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In electrical engineering we talk about using a "Faraday Cage" all the time. In general we mean putting the circuit in a metal box and grounding it, or putting a EMI shield over the top of a chip. My question is how perfect is a real faraday cage, can electro magnetic signals escape it or enter it if there's enough power? I don't mean how perfect is a case I might make with holes, but rather a perfectly enclosed case.

For example if I made a perfect sphere of tinfoil and put a powerful transmitter inside can no signal ever escape or because the material is so thin is there a power level where it starts to?

I vaguely remember someone explaining this to me but I can't recall how it works, or the theory behind it.

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  • $\begingroup$ Assuming that you don't have to worry about the holes kinds kills the "real life" aspect here. For real life examples taking care of the necessary penetrations is the hard part... $\endgroup$ – dmckee Jan 18 '15 at 22:15
  • $\begingroup$ I understand that, and I understand what happens when there are holes. I just don't understand what the baseline is for something with no holes. Is it perfect no matter what the power level? $\endgroup$ – confused Jan 18 '15 at 22:43
  • $\begingroup$ I've been inside a closet-sized Faraday cage made with copper wire screen. The holes in the screen were maybe 0.5 mm in size, meaning that any radio wave with a wavelength much larger than that would not get through. The school was within about 1000 feet of the broadcast antenna of a rock&roll AM station, and inside the cage was the only place on the entire campus where you could not detect it. $\endgroup$ – Hot Licks Jan 19 '15 at 0:18
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The theory for a tinfoil screen is fairly straightforward.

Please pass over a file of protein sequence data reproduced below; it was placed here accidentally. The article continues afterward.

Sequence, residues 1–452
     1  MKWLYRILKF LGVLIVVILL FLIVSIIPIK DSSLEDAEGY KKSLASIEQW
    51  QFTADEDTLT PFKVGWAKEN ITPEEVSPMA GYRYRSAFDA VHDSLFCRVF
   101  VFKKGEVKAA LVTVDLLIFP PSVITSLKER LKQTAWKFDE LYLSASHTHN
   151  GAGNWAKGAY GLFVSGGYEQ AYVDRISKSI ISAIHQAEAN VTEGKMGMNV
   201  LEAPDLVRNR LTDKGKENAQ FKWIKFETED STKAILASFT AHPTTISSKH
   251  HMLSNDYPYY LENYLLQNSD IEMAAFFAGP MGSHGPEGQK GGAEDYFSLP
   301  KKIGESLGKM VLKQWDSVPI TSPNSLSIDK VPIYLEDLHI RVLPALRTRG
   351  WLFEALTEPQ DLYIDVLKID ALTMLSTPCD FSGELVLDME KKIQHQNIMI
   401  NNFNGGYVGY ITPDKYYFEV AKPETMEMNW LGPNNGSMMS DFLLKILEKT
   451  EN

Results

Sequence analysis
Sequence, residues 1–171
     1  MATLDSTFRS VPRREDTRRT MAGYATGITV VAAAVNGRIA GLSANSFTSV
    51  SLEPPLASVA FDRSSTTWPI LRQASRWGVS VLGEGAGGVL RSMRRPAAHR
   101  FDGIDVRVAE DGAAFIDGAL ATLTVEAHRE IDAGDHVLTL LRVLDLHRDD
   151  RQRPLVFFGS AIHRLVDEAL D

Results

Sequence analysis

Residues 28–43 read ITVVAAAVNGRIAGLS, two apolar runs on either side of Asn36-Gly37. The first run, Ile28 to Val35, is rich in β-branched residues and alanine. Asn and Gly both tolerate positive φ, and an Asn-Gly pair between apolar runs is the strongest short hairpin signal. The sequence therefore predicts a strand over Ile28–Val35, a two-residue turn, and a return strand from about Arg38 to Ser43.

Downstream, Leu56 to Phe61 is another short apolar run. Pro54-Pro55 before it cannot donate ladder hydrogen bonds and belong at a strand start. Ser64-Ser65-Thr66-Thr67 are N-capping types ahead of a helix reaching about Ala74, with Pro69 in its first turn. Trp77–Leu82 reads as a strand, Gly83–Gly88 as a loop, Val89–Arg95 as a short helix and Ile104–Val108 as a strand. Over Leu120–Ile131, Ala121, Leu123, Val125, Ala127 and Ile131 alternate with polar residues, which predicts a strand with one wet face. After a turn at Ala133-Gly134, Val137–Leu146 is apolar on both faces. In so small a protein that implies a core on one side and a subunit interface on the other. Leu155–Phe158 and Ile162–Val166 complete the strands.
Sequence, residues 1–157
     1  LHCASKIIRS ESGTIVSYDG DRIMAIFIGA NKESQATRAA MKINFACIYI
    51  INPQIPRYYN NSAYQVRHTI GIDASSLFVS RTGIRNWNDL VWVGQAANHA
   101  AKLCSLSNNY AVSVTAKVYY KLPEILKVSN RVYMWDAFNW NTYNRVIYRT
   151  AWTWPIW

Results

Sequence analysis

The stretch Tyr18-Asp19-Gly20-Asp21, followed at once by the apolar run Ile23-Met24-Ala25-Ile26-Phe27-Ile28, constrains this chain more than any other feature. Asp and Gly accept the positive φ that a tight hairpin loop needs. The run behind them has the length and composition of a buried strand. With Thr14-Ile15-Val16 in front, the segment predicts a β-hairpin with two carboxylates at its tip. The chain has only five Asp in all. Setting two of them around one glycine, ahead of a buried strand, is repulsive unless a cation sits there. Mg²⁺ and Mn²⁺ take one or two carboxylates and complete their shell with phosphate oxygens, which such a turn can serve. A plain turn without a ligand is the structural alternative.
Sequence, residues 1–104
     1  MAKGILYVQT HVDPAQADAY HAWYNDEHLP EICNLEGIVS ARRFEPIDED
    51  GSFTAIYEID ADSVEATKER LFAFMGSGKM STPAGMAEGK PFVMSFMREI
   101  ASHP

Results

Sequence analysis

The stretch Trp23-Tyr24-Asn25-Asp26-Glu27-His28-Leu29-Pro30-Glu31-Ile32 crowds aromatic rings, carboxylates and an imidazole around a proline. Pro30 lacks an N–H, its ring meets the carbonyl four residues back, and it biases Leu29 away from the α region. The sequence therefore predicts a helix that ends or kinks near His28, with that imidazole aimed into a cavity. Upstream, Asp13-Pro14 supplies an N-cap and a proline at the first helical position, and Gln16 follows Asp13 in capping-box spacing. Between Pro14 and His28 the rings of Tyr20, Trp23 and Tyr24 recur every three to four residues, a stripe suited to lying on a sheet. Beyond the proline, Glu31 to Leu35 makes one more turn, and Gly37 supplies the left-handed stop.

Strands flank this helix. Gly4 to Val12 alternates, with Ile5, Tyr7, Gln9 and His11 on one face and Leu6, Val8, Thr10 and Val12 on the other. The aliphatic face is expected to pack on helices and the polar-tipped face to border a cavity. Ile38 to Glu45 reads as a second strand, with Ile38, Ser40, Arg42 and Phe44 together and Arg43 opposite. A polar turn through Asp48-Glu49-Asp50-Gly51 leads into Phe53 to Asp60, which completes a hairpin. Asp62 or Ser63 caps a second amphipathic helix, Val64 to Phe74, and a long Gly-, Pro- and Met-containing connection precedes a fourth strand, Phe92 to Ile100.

There are two things going on: first, a lot (most) of the signal is reflected. Second, what penetrates into the foil is attenuated and dissipated by currents.

The impedance of the aluminium "tinfoil" is given by $\eta_{\rm Al} = (\mu_r \mu_0 \sigma / \omega)^{1/2}$, where $\omega$ is the angular signal frequency, and $\mu_r=1$ and conductivity $\sigma= 3.5 \times 10^{7}$ S/m are reasonable values for Al. Therefore $\eta_{\rm Al}= 44\omega^{-1/2}$ $\Omega$.

The transmitted E-field fraction is given by the following equation $$\frac{E_t}{E_i} = \frac{2 \eta_{\rm Al}}{\eta_0 + \eta_{\rm Al}} \simeq 2\frac{\eta_{\rm Al}}{\eta_0}\, ,$$ where the impedance of free space (or air), $\eta_0 \simeq 377$ $\Omega$

Once the field gets into the foil it is exponentially attenuated according to the skin depth $\delta = (2/\mu_r \mu_0 \sigma \omega)^{1/2} = 0.045 \omega^{-1/2}\,$m.

Let's now make the assumption that we ignore reflection from the foil/air interface on the way out. In that case the transmission factor at that interface is given by $2 \eta_{0}/(\eta_{\rm Al} + \eta_{0}) \simeq 2$$.

Putting this all together we get a final transmission fraction of $$\frac{E_t}{E_i} \simeq 4 \frac{\eta_{\rm Al}}{\eta_0} \exp(-t/\delta) = 0.47 \omega^{-1/2} \exp(-22 \omega^{1/2} t),$$ where $t$ is the foil thickness. The transmitted power fraction would be the square of this.

Take an example: Typical domestic Al foil has $t= 3\times10^{-5}$ m and let's use a low radio frequency of 1 MHz or $\omega = 6.3 \times 10^{6}$ rad/s. The foil is only just over a skin depth thick at this frequency, but most of the signal is reflected and $E_t/E_i \simeq 3.6\times 10^{-5}$. Even if the foil was much thinner, only $2\times 10^{-4}$ of the field would be transmitted.

At a frequency of 1 GHz the foil is many ($\sim 50$) skin depths thick and is more reflective, so the attenuation of the field is more than 20 orders of magnitude.

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  • $\begingroup$ Rob thanks for the great answer :) This is exactly what I was looking to understand. $\endgroup$ – confused Jan 19 '15 at 17:02

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